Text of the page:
Today we feature the work space of photographer Michael Jackson.
Tell us about your work space please.
My workspace is a self-contained extension to our house, so it takes only a few seconds to walk to work every day. We live in a valley with no near neighbours so it is very secluded and quiet. The workspace itself is just two rooms with a sink and blacked out windows. It doubles as an office and darkroom. A lot of my work is based upon creative play so it is important to me to be able to shut out the outside world and have no inhibitions with working on crazy ideas until something clicks.
What “objects of inspiration” do you have in your space?
I have a print by Paul Kenny and one by Polly Chandler up on the wall along with my current batch of Luminograms, so I can catch sight of them out of the corner of my eye and make sure they are as solid and exciting as I would hope them to be. I also have a photo of my parents holding me at my christening. I imagine them looking at me with despair as I flap about the studio doing all sorts of strange things to get the work moving along. My father was a businessman through and through – my mother was more artistic and would understand I hope.
Do you have any favorite tools in your work space?
I have a wonderful fish tank which I have used for my Child’s Landscape photographs. It has strange glass in it which I am sure contributes to the look of the images. I have a wonderful screwdriver which has honestly saved many trips when I visit Poppit Sands – as my Hasselblad has jammed on a number of occasions and without that screwdriver to fix it I would have missed out on a number of wonderful experiences on the beach. My main camera itself is just a plain old Hasselblad 500cm with a 50mm lens but I have grown fond of it. I like the fact that every single shot taken at Poppit Sands has passed its way through this box.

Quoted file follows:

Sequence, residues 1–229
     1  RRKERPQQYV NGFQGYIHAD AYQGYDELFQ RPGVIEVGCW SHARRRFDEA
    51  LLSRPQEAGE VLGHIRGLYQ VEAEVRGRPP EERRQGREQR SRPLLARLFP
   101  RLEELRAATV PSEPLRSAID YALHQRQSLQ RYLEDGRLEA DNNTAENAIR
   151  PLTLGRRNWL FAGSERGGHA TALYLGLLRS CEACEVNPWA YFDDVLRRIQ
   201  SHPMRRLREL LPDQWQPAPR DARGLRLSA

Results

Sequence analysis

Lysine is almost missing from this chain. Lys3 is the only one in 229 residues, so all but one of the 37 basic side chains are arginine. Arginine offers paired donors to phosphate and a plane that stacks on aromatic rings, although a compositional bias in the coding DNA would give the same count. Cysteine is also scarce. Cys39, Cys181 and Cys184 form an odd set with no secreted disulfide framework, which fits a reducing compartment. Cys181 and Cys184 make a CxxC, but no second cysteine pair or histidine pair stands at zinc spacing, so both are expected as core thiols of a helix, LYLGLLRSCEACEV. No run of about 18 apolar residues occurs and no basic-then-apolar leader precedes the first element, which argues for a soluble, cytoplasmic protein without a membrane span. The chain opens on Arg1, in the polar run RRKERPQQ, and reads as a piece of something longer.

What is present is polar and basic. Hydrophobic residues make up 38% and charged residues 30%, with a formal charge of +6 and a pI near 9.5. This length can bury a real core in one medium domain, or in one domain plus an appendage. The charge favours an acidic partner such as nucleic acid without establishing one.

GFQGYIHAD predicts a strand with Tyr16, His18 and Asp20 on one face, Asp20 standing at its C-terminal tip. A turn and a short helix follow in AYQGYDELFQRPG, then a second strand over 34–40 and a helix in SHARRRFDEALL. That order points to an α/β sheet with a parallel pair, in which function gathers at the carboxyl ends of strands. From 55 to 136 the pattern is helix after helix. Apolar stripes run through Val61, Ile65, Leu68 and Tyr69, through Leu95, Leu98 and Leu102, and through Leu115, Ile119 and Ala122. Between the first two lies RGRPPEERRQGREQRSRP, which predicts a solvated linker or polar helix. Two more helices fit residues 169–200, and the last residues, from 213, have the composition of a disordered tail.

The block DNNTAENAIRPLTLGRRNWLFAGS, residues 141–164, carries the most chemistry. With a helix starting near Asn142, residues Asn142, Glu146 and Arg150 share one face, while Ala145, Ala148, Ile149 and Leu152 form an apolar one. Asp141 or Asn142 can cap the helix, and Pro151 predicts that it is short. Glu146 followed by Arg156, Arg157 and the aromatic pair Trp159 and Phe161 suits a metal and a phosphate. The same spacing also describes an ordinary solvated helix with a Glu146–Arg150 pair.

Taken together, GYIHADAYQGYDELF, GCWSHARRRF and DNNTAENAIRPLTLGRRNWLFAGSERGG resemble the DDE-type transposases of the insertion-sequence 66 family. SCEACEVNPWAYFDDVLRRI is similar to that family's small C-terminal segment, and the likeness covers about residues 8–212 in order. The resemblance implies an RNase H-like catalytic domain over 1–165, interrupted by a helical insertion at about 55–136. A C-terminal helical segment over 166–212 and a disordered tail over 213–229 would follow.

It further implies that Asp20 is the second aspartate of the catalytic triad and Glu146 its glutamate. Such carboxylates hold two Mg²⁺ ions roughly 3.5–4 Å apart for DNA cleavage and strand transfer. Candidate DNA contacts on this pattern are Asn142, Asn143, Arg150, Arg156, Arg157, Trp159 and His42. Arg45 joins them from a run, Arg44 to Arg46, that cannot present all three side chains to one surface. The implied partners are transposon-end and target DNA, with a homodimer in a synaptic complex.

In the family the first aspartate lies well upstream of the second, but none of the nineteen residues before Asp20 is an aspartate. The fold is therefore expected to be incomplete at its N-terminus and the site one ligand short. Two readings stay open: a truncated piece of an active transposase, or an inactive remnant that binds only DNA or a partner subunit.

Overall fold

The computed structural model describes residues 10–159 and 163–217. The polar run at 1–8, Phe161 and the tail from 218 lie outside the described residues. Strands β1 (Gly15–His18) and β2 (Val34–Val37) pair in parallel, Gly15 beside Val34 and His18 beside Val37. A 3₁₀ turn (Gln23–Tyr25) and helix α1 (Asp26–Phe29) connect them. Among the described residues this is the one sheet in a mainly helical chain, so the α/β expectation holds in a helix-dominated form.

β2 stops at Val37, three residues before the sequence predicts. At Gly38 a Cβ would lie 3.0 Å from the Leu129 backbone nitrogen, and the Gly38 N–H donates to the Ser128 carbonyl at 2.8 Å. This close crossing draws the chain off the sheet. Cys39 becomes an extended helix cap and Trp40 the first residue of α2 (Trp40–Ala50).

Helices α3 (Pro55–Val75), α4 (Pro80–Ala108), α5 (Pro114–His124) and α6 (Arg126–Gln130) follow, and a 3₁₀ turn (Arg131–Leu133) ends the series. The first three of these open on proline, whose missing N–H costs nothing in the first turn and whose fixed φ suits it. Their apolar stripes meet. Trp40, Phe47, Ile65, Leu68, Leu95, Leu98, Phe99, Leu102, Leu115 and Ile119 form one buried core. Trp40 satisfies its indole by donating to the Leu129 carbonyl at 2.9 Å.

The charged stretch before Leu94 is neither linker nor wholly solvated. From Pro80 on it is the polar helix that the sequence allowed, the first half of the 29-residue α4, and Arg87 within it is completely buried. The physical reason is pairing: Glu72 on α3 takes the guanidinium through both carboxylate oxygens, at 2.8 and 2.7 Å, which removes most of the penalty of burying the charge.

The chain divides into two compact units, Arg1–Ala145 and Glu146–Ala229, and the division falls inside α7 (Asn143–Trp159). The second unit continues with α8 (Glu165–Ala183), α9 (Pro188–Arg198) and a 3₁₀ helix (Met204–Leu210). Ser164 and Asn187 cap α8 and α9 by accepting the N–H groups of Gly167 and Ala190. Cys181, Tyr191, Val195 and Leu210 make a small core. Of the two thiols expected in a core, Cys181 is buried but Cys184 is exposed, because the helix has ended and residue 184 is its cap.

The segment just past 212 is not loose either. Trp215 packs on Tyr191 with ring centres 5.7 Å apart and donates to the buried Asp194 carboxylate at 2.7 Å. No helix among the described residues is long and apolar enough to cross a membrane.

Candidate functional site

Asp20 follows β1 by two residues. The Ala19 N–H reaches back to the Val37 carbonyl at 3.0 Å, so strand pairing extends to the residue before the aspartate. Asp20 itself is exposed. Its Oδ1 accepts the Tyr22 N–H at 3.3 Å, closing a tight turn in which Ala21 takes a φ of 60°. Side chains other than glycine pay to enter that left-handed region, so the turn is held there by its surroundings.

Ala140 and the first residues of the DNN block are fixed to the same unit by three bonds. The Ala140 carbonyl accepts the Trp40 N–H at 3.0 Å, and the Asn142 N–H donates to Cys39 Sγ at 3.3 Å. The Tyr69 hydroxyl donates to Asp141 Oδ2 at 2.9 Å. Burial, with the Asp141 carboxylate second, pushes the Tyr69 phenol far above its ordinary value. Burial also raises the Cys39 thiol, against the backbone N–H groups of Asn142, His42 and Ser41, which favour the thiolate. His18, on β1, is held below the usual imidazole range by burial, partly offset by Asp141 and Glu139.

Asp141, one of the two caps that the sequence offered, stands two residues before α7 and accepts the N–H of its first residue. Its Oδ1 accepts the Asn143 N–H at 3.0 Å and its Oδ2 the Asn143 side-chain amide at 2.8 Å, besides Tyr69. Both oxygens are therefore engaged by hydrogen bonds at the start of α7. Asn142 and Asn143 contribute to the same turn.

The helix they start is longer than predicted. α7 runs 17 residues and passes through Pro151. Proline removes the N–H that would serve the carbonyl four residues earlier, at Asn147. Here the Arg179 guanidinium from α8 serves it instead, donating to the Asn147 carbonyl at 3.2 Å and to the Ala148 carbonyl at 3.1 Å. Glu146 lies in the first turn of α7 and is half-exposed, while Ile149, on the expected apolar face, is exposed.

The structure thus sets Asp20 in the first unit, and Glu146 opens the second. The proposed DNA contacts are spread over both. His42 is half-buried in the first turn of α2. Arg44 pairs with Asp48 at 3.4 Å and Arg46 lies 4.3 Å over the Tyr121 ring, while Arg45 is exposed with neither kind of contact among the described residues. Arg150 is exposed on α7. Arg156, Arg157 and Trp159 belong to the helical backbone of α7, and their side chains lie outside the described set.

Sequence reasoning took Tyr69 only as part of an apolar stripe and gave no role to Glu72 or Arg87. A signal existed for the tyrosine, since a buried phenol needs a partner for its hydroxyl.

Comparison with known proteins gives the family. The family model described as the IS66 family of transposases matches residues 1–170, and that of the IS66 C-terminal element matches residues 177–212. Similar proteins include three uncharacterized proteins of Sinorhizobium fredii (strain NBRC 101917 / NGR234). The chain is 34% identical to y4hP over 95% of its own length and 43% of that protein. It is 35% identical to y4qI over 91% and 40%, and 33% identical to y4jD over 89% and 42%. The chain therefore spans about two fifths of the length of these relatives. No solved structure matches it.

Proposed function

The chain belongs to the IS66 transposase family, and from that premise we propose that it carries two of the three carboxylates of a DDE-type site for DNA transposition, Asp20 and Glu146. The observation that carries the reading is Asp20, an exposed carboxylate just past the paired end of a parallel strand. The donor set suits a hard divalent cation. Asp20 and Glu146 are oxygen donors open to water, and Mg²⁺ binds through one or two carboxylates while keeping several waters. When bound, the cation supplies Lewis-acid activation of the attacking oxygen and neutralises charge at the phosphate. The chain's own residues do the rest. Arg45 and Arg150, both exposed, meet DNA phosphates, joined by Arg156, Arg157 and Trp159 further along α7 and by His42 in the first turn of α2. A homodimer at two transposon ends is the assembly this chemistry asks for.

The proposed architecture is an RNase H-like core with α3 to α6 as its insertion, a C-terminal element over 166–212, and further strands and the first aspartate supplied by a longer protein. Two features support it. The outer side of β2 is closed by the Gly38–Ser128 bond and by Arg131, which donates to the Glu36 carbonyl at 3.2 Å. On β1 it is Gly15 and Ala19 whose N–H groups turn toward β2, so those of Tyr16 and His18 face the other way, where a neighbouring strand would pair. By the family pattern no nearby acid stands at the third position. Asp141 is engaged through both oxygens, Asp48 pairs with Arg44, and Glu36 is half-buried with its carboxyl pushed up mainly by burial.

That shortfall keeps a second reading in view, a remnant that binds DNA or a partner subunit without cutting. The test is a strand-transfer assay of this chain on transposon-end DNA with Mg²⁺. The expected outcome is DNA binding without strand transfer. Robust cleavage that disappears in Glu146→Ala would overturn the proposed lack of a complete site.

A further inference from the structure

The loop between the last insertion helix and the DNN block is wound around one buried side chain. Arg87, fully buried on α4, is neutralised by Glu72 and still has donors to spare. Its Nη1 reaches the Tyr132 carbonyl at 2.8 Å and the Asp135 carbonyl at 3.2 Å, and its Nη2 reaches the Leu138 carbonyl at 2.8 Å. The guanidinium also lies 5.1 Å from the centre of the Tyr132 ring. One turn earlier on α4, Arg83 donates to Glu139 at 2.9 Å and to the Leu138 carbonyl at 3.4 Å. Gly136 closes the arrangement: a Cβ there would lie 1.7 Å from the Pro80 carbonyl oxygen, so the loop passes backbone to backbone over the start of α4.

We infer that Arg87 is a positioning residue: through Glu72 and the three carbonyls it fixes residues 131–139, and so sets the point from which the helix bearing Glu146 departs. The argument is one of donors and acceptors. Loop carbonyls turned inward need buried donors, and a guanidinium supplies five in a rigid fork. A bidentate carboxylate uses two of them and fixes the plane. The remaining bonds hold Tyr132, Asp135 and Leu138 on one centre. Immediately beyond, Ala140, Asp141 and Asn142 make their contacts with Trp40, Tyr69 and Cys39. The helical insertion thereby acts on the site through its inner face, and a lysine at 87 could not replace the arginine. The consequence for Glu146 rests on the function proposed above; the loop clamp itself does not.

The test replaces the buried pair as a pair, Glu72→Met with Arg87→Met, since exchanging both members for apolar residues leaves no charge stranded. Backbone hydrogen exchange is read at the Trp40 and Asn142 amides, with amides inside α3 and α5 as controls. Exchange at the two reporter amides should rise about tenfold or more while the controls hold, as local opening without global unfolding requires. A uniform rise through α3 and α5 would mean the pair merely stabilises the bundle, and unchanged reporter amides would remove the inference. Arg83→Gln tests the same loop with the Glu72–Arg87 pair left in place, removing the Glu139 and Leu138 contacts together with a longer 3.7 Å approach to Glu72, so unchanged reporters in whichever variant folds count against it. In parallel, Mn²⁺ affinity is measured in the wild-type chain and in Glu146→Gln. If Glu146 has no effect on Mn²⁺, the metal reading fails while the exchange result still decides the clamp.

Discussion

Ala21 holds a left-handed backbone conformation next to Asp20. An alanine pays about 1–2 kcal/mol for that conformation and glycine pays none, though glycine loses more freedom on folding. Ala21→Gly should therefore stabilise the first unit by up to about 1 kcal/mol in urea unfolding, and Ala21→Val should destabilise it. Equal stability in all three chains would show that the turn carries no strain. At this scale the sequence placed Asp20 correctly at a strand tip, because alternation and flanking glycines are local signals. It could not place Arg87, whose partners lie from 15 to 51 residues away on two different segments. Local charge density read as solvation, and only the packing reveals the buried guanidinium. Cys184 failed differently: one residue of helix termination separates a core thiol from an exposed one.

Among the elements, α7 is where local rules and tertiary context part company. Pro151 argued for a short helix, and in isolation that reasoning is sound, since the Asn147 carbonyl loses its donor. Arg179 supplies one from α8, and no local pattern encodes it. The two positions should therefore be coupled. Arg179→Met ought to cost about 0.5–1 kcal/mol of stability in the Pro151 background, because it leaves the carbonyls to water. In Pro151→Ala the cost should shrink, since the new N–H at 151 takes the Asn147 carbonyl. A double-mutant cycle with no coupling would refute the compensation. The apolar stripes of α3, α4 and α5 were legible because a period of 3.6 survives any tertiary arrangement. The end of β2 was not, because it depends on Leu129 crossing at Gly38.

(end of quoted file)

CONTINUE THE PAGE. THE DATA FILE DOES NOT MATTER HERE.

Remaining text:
If there was one thing you could change about your space what would it be?
I would get some ventilation in there. On long days of printing and working with luminograms I get headaches.
How do you keep track of all of your ideas?
I tend to remember them. I have an awful memory for many things – people’s names for example. I still cannot remember village names that are all around us, and I have to visit a place a number of times before I can safely remember how to get there – but with my ideas I don’t forget a thing. I hardly ever jot any notes down and I can come back to an idea months later and carry on from where I left off. I sometimes think that I just don’t have enough room in my head for all the details in life so I subconsciously store what I think is important in a high priority safe area in my mind.
Whats on your desk right now?
My desk is a mess, and that is how I like it. I have some film from Poppit that has been developed but not yet scanned. I have a biography of Andrew Wyeth that I find I can just dip into and it is so inspiring. I have a pile of random papers which I have no idea what they are. I also have a couple of rocks waiting to be photographed and a large clay seagull.
Does your space inspire you?
Absolutely. I can’t imagine that it would inspire anyone else, but it is my own space that I feel comfortable in. I get in a creative frame of mind as soon as I step in. I can do anything that I want in there. When I shoot my fishtank photos I take long exposure photos of the rocks in the fishtank and I discovered that what was initially a major problem with my reflection in the glass could become a wonderful way of creating shapes and clouds in the sky if I moved about as the photo was being taken. So, when shooting my Child’s Landscape shots I spend a lot of time doing strange fluid dance movements behind the camera to get the shapes reflected in the glass. That isn’t something you would want to do and have the neighbors watch.
Thank you Michael for sharing your space with us.
To learn more about the work of Micheal Jackson please visit his page at Micheal Jackson.
To see more spaces that photographers work please visit, Where We Work.